Deep Blue Publications Group LLC, Tips on building your portfolio when investing

Like every investor, you want to choose investments that will provide the growth and income you need to meet your financial goals. To do that, it’s important to understand yourself as an investor. That’s because a portfolio that’s right for someone else may not be best for you. The factors that make a difference are stated below.

Both your age and your time frame for meeting specific financial goals play a role in determining your risk tolerance. If you’re young and have a long time to meet your goals, you may have a higher risk tolerance than someone who is nearing retirement and is counting on investment income to live on for two or three decades.

But other factors may also affect your tolerance for investment risk. Your personality, personal experiences, and current financial circumstances also come into play. For instance, if you’re a single parent, are responsible for the care of a sick or elderly relative, or have lived through a period of economic upheaval such as a major recession, you may be a more risk-averse, or conservative, investor. On the other hand, if you have a promising career, a generous salary, and little in the way of financial responsibilities, then you may be more comfortable in assuming greater investment risk.

Above all, you need to feel comfortable with the risk you’re taking. If changes in the value of your portfolio keep you tossing and turning at night, or your instinct is to sell your investments every time the market drops, then you may want to consider shifting to a more moderate investment mix, with a greater emphasis on predictable, income-producing investments, such as bonds.

Or, if you’re a risk taker by nature and have at least 15 years to meet your goals, then you may be comfortable allocating most of your assets to a diversified portfolio of stock, stock funds and certain fixed-income investments that have the potential to provide the strongest returns over the long run.

Keep in mind that investment risk doesn’t mean staking your life savings on highly speculative investments like a new company that a friend is starting. (The only money you’d want to put in investments like that is money you can afford to lose.) But it does mean getting used to the fact that virtually all investments that have the potential to provide substantial returns will drop in value at one time or another—sometimes significantly.

When you allocate your assets, you decide—usually on a percentage basis—what portion of your total portfolio to invest in different asset classes, usually stock, bonds, and cash or cash equivalents. You can make these investments either directly by purchasing individual securities or indirectly by choosing funds that invest in those securities.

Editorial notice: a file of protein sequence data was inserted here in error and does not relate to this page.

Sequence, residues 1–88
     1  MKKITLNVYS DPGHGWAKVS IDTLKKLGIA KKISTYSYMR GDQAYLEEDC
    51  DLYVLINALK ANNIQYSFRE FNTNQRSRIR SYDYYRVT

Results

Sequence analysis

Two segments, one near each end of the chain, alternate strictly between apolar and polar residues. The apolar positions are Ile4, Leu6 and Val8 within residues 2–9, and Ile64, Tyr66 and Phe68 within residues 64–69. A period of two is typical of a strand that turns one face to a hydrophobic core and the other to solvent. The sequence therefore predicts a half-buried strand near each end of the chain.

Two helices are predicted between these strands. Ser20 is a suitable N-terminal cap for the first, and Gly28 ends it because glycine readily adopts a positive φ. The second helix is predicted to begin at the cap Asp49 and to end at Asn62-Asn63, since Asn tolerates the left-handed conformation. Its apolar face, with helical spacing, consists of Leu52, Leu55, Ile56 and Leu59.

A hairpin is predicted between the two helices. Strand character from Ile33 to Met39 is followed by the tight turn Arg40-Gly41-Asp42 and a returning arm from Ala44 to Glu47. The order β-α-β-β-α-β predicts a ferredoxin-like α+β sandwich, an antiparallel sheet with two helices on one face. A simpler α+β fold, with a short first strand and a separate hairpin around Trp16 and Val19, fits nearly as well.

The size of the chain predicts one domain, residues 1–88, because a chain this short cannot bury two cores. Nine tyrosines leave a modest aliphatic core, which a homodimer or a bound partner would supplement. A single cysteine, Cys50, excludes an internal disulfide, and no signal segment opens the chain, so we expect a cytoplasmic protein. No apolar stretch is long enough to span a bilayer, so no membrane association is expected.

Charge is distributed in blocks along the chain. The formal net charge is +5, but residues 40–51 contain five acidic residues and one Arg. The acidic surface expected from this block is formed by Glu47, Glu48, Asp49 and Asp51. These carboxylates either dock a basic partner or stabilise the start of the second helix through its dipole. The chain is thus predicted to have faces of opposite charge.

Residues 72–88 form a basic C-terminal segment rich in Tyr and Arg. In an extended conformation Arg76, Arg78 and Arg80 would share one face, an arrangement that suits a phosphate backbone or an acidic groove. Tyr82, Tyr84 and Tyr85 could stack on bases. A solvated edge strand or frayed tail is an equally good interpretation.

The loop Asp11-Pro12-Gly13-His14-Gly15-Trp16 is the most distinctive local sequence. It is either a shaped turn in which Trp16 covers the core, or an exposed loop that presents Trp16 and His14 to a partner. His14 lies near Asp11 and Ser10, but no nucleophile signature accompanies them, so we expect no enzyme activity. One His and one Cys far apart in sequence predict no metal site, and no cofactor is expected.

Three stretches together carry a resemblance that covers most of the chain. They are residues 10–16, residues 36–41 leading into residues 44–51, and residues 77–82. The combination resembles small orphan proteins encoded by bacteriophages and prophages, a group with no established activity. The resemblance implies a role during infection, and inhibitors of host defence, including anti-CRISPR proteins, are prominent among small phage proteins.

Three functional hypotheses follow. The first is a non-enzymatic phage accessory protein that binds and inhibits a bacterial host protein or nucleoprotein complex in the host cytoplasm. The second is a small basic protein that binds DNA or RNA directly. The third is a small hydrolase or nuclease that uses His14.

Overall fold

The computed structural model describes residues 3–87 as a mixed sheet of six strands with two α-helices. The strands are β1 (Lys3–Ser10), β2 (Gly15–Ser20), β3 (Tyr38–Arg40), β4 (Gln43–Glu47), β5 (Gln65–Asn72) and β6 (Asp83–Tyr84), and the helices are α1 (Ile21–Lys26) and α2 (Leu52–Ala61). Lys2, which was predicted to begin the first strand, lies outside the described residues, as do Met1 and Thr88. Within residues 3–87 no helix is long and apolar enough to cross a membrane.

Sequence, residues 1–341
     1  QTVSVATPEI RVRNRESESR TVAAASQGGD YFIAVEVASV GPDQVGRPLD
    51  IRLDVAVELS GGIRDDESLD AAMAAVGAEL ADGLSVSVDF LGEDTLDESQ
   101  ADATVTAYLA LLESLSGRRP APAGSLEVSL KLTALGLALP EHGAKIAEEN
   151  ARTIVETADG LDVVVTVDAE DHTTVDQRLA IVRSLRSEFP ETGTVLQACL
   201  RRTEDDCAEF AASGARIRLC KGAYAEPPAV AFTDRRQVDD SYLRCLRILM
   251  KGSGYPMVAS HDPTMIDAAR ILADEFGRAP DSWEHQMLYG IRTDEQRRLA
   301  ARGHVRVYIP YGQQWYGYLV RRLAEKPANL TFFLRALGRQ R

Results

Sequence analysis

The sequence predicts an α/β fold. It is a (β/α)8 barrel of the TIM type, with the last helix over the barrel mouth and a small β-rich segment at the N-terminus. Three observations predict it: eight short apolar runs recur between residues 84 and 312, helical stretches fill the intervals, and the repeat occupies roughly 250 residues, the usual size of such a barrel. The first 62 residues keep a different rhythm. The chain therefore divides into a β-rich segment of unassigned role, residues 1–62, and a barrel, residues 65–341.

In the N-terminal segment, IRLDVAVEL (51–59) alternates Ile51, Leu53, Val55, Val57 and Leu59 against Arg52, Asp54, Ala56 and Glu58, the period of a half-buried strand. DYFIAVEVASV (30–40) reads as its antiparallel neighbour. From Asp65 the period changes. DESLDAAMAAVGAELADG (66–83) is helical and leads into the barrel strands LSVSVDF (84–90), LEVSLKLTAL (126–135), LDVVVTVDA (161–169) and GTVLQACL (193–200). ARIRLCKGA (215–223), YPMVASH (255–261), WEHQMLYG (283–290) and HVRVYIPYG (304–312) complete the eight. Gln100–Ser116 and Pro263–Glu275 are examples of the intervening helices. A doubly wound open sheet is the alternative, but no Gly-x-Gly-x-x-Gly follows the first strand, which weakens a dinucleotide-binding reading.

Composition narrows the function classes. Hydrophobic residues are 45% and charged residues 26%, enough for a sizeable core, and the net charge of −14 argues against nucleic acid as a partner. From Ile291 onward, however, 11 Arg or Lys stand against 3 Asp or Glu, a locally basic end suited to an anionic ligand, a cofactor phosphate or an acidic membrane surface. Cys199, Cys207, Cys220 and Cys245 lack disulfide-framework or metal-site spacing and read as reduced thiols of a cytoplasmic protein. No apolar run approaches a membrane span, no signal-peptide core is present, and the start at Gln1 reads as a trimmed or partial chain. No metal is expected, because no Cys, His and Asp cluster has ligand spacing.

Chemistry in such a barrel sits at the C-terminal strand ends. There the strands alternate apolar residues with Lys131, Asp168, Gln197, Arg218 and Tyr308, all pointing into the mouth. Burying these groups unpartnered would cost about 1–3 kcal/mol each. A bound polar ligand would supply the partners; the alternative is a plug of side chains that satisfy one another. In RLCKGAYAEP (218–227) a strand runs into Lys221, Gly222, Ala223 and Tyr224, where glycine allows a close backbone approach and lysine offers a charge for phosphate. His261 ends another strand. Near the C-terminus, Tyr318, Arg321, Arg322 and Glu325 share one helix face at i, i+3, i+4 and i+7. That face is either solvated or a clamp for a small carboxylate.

As you build a more extensive portfolio, you may also include other asset classes, such as real estate, which can also help to spread out your investment risk and so moderate it.

Asset allocation is a useful tool in managing systematic risk because different categories of investments respond to changing economic and political conditions in different ways. By including different asset classes in your portfolio, you increase the probability that some of your investments will provide satisfactory returns even if others are flat or losing value. Put another way, you’re reducing the risk of major losses that can result from over-emphasizing a single asset class, however resilient you might expect that class to be.

For example, in periods of strong corporate earnings and relative stability, many investors choose to own stock or unit trusts. The effect of this demand is to drive stock prices up, increasing their total return, which is the sum of the dividends they pay plus any change in value. If investors find the money to invest in stock by selling some of their bond holdings or by simply not putting any new money into bonds, then bond prices will tend to fall because there is a greater supply of bonds than of investors competing for them. Falling prices reduce the bonds’ total return. In contrast, in periods of rising interest rates and economic uncertainty, many investors prefer to own bonds or keep a substantial percentage of their portfolio in cash. That can depress the total return that stock provides while increasing the return from bonds.

While you can recognize historical patterns that seem to indicate a strong period for a particular asset class or classes, the length and intensity of these cyclical patterns are not predictable. That’s why it’s important to have money in multiple asset classes at all times. You can always adjust your portfolio allocation if economic signs seem to favor one asset class over another.